Two weeks ago I saw the Queen of the Netherlands coming towards me on 8th Avenue. She was wearing a tan colored raincoat and a clear plastic rain bonnet on her head. She looked down at the street as she walked, so I was able to stare right at her, but when she was very close she glanced up and saw me and I was caught. I went ahead and told her what I thought: That she looked just like the Queen of Holland. “Queen Beatrix,” I added, and the lady laughed. She said, “Yes, I know her. I mean, I’ve seen her picture, and I’ve seen her on TV.” We stood smiling at each other in the rain. She didn’t say, “Yes, you’re right, I am she,” or “I’m sorry, but you’re mistaken,” and she seemed delighted to be recognized as the Queen. Her pleasant, leonine demeanor was one of humble ambiguity, and when she spoke, it was with a little all-purpose accent that could have originated anywhere from Holland to Iceland. She laughed, thanked me for stopping, and gave me a little regal wave.
I thought of a letter I got a while ago from a Dutch friend in Amsterdam, telling me about a dog she had met named Truffel who had just had something interesting happen to him. She included his picture, which I’ve put here for you to see. Something Truffel can do is wave to people with his paw, in a manner my friend described in her letter as ‘very elegant and small, the way royalty will wave, for example.’
One day, Truffel was out for a walk in Amsterdam with Maria, the lady who owns him, when a car drew up to the curb and stopped. Out stepped Her Majesty the Queen, right in front of Truffel. She had guards with her but no entourage, and Maria said, “Look, Truffel, it’s the Queen. Why don’t you wave to her?” So Truffel sat down, lifted his paw and gave his elegant and small wave to Queen Beatrix. And when she saw what he was doing, Queen Beatrix bowed to him and gave him a gracious little wave in return.
I thought of Truffel when the lady who might have been Queen gave me her little wave, the kind of wave that Gore Vidal once described nicely as a royal salute, "in which the fingers of one hand unscrew, as it were, an invisible upside-down jar of marmalade.”
Last week I was coming home from the grocery store and while I waited for the light to change at 23rd Street, a man stopped and asked me if I would mind telling him where I got my shoes. I was wearing my red clogs, which I bought on sale at a little shop on 7th Avenue that is gone now. When I told him, he seemed very disappointed. He said he had a friend who would absolutely love my shoes. He said his friend actually prefers used shoes, and asked me if I knew of any shops in the neighborhood that sells them. I told him Housing Works thrift store on 17th Street has some. Then he asked me if I would consider selling him my shoes. And that’s when I started to get the feeling something was not quite right. He looked normal enough; he reminded me of Johnny Mathis 30 years ago. But he didn’t ask me what size my shoes were, and it seemed suspect that he would want to buy them for a friend without knowing the size. The fact that his friend “likes used shoes” was already making me a little queasy.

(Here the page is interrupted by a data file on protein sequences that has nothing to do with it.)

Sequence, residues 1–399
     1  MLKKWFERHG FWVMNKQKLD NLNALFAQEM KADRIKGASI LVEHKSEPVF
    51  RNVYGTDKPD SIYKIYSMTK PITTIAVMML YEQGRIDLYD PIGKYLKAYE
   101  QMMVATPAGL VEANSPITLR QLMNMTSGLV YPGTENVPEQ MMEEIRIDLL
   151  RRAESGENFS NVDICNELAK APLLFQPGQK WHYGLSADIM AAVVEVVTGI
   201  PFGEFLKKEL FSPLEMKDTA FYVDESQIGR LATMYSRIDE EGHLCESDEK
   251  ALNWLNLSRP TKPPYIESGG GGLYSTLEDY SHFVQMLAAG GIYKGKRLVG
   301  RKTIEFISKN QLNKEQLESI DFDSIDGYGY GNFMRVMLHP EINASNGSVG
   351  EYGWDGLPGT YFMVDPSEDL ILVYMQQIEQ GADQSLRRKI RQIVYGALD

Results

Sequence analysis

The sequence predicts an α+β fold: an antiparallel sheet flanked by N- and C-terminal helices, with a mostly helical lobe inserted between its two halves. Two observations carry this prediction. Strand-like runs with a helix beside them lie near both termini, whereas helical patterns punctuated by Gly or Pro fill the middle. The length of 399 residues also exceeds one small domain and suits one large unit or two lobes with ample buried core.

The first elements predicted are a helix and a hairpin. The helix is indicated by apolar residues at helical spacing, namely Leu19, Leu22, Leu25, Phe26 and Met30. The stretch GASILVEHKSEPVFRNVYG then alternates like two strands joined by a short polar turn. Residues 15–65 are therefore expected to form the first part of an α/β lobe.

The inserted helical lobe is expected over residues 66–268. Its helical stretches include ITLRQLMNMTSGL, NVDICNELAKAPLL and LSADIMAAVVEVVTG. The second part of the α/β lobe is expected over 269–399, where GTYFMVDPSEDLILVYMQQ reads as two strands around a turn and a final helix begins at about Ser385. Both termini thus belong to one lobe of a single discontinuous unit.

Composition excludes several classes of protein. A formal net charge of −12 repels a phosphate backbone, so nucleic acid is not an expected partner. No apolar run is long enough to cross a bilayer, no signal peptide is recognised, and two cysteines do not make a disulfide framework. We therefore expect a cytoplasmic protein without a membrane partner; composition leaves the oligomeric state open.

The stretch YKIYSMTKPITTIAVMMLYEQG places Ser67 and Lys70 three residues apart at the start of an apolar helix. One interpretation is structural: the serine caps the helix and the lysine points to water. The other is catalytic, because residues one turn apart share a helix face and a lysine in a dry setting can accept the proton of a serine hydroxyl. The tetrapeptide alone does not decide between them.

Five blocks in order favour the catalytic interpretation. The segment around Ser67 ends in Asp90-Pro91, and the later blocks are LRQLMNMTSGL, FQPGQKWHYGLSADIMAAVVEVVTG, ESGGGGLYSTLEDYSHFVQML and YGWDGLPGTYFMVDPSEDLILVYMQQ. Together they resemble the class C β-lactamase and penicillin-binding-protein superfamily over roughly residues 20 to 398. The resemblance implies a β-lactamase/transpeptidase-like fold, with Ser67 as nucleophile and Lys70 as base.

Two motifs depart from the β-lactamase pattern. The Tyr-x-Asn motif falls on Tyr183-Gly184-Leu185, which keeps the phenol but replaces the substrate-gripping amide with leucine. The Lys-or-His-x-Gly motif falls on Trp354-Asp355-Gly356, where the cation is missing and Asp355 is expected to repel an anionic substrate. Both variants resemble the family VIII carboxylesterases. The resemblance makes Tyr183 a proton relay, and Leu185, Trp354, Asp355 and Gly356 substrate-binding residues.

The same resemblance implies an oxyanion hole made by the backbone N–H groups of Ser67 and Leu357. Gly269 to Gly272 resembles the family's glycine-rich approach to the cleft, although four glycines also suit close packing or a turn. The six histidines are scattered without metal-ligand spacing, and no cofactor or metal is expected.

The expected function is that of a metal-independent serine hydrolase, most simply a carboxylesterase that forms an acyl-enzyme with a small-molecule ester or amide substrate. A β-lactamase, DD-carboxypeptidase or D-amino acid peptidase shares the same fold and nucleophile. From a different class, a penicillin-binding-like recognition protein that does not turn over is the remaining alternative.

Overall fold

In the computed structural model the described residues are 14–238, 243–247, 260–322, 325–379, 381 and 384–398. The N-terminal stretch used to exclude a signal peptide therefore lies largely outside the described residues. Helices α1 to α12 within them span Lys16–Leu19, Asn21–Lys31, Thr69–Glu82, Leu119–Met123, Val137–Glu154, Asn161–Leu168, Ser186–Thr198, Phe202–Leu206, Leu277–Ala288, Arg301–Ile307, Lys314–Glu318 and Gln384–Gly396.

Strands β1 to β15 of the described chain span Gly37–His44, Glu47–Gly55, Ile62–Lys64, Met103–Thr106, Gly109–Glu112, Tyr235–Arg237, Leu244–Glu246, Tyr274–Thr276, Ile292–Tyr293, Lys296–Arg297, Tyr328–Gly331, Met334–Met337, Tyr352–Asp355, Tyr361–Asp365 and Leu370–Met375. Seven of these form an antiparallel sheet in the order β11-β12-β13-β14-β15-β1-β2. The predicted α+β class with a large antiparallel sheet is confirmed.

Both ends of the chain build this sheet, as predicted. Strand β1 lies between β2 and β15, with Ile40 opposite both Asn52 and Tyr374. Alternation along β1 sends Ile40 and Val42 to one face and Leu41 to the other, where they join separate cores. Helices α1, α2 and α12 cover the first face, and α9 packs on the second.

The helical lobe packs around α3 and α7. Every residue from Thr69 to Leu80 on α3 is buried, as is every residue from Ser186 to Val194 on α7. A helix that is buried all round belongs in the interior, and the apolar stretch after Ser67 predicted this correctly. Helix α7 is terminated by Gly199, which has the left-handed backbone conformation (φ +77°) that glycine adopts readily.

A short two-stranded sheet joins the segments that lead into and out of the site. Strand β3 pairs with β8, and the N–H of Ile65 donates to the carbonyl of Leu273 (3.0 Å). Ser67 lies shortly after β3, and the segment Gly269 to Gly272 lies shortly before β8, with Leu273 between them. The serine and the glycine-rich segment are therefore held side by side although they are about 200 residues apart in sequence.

I said, “You know what? I’m kind of attached to my shoes, so I don’t want to sell them. OK?” He said he understood. Then the light changed, I crossed 23rd Street and he went off in another direction. I wondered if he was an actual shoe fetishist. I’ve heard stories about them but I don’t think I’ve ever knowingly met one. And this was the first time someone had ever offered to buy the shoes right off my feet. I usually have one pair of shoes at a time and wear them until they fall apart. I had to wonder why, if this man was in fact a real shoe fetishist, he would want my beat-up old clogs?
Yesterday I was in a store looking at soap. I turned my head and there he was, the shoe guy, looking sheepish and caught. He said, “I hope you won’t think I’m stalking you, but I looked all over the internet for shoes like yours and I couldn’t find any.” I looked down at my clogs. He said, “I really don’t do this sort of thing ever, but I really would love to buy your shoes. This is a one-of-a-kind situation. I’ll pay you anything you want. Or I will buy you two new pair of shoes if you give me those.” He looked terribly embarrassed. I said, “You’re a funny one, you know that?” I said, “Look, I like my shoes and I want to keep them, OK?” He asked me if I would take his name and number in case I change my mind, and he wrote his first name and cell number on a slip of paper. I took it, but as harmless as he seemed, no amount of money, short of a million dollars, would make me want to give him my shoes.
At home I left my shoes in the hall by the door the way I always do, and then just for the heck of it I looked up his name together with ‘shoe fetish.’ Something called Shoe Fetishist Anonymous or something close to that came up. I won’t put his name down here, in case it’s him and he’s trying to sober up, but I’ll tell you this: when I saw that, I went right out to the hall and brought in my shoes.
June 30, 2011